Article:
Size: 14×19 cm
Rearing occurs when a horse or other equine “stands up” on its hind legs with the forelegs off the ground. Rearing may be linked to fright, aggression, excitement, disobedience, non experienced rider, or pain. It is not uncommon to see stallions rearing in the wild when they fight, while striking at their opponent with their front legs. Mares are generally more likely to kick when acting in aggression, but may rear if they need to strike at a threat in front of them.
When a horse rears around people, in most cases, it is considered a dangerous habit for riding horses, as not only can a rider fall off from a substantial height, but also because it is possible for the animal to fall over backwards, which could cause injuries or death to both horse and rider. It is therefore strongly discouraged. A horse that has a habit of rearing generally requires extensive retraining by an experienced horse trainer, and if the habit cannot be corrected, may be deemed too dangerous to ride.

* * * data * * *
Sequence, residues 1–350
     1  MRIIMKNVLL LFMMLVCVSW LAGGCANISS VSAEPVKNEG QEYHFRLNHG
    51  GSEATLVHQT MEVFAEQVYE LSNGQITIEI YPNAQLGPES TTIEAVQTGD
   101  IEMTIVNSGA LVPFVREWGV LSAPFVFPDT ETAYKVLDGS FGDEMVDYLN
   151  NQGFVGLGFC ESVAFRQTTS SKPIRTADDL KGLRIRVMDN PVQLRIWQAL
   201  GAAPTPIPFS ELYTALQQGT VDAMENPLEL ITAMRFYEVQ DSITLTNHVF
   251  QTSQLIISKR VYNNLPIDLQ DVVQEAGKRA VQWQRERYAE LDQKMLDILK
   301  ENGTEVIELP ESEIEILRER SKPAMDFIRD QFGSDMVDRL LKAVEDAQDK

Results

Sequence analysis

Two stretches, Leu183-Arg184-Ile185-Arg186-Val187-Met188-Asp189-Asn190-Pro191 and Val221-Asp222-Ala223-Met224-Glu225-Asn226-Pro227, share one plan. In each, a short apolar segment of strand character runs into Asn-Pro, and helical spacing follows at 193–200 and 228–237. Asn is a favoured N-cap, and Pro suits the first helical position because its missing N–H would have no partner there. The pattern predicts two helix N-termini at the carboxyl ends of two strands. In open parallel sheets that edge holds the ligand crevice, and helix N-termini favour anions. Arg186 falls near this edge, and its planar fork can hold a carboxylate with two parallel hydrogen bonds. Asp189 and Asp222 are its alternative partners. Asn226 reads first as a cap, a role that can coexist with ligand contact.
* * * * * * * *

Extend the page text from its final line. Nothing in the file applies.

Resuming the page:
A horse that rears when being handled by a human who is on the ground also presents a hazard, as it is able to strike out with its front feet and can also fall even without the weight of a rider to unbalance the animal. A rearing horse can also break away and escape from a human handler.
However, rearing also has survival value in the wild. It is a tactic that can be used to dislodge a predator that has landed on the animal’s back, it is used when equids fight one another, and a horse can rear slightly to add force when striking out with its front feet. For these reasons, horses, particularly young ones, are sometimes seen rearing when loose in a pasture, particularly when playing or mock-fighting with pasturemates.
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